Trends for Office Spaces

Trends for Office Spaces

There are many changes this year to office spaces and how companies use them. The biggest change is collaboration. Almost everyone has heard of the partners that started out in their basement, only to feed off one another and grow and grow. At some point, these partners who once fed off the energy of one another had separate offices and soon, that initial energy was lost. What happened? They stopped collaborating. In fact, collaborative or shared workplaces have become the hottest trend among offices. They offer the communication and support that helps employees balance their team time and their thinking time.

On that note, big private offices are heading out the door, as it were. Alternative work environments are a new trend, allowing team members to work in smaller workstations that are all placed in a formation together. In lieu of having a conference room that is down the hall, away from the masses, the conference room is in the center of the workstations. This set up allows team members to be close enough to one another to buzz to one another about a project. Some workstations have doors so that privacy can be obtained when necessary.

Space planning is taking a new turn in modern businesses. Offices are creating shared private enclaves in order to restore the feeling that the partners had in their basement without having to sacrifice office privacy. Every office would have a small work station with a private door and some lounge furniture and tables in the middle that are shared by the employees surrounding the small enclave. This provides team members with the privacy of their own office, but a space where they can go if they need to write notes or conduct research. If they need to make a phone call, they can shut the door to the private central space and make the call. This provides privacy that was lost when companies shifted their employees into open floor plans.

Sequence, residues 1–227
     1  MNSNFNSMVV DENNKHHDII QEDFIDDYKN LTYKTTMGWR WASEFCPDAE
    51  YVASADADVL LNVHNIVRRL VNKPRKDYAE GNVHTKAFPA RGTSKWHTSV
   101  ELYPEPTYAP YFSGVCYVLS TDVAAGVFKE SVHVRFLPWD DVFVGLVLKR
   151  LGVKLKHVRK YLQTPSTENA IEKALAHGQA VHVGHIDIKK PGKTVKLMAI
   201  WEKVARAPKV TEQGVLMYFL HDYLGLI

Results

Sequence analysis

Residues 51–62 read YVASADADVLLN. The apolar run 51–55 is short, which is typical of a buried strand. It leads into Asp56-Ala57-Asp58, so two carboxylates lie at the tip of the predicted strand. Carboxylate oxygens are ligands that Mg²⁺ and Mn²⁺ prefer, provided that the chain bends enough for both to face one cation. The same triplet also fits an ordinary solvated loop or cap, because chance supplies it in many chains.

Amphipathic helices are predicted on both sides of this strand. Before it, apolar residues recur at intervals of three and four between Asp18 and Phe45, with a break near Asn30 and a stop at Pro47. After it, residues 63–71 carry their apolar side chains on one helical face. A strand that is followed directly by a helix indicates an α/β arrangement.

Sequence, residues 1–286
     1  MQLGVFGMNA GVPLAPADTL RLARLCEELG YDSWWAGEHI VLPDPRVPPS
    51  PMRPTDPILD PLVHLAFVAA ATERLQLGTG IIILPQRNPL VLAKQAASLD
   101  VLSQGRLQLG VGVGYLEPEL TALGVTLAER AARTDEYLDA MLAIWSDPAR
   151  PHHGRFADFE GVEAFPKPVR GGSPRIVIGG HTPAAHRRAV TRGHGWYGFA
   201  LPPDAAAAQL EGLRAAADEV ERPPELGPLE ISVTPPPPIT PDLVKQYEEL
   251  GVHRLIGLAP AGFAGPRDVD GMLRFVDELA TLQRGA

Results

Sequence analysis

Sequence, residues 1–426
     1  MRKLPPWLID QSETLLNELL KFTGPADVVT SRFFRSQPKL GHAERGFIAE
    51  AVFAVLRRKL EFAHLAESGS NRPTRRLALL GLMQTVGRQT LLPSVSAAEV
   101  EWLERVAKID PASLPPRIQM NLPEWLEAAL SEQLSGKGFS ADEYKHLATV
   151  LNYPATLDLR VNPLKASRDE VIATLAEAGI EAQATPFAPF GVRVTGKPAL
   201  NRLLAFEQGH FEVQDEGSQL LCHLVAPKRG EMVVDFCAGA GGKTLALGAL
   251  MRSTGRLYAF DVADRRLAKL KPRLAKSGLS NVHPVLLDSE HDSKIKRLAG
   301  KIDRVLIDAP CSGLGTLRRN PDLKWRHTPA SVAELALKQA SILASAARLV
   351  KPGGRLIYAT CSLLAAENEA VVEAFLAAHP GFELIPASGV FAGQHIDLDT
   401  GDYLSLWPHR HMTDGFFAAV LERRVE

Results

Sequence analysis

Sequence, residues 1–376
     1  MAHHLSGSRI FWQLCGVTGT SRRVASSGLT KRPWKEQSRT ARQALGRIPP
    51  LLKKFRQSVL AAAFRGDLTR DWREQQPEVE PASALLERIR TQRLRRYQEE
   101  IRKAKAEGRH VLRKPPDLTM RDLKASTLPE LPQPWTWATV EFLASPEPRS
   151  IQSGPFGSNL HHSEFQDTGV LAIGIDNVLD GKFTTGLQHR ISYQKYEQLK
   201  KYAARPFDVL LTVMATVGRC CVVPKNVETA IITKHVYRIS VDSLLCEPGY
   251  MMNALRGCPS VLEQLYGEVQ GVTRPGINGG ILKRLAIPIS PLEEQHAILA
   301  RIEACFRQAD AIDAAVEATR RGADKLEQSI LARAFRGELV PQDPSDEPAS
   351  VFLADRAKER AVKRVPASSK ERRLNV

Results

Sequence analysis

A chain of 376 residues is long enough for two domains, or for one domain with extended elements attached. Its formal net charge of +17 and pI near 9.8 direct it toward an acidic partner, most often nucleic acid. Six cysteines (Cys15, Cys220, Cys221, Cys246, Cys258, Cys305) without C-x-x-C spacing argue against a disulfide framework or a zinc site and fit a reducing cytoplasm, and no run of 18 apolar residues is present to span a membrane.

People are starting to more widely accept that employees can be productive even if they are away from their desks. In fact, some employees work better when not tied to their desk. This means that the current workforce should have a desk as a touchdown space, but if they are not often at their desk then their desk can be smaller and supportive of traditional office activities such as filing, email, and voice mail.

Management is also facing new trends. They are rethinking the technologies that are being used. Cordless phones and laptops are becoming the norm for offices, especially when they have multiple places where they can work, and have an enclave. Activity planning is imperative to space designs of offices. Employees should have more activities from which to choose. Most employees walk into the office, check their email and their voicemail, maybe go to a meeting, and then begin their work. Companies can provide a resource center or library, or even a coffee bar where employees can work on non-confidential projects in an open space. It will be interesting to see what further changes are to come.

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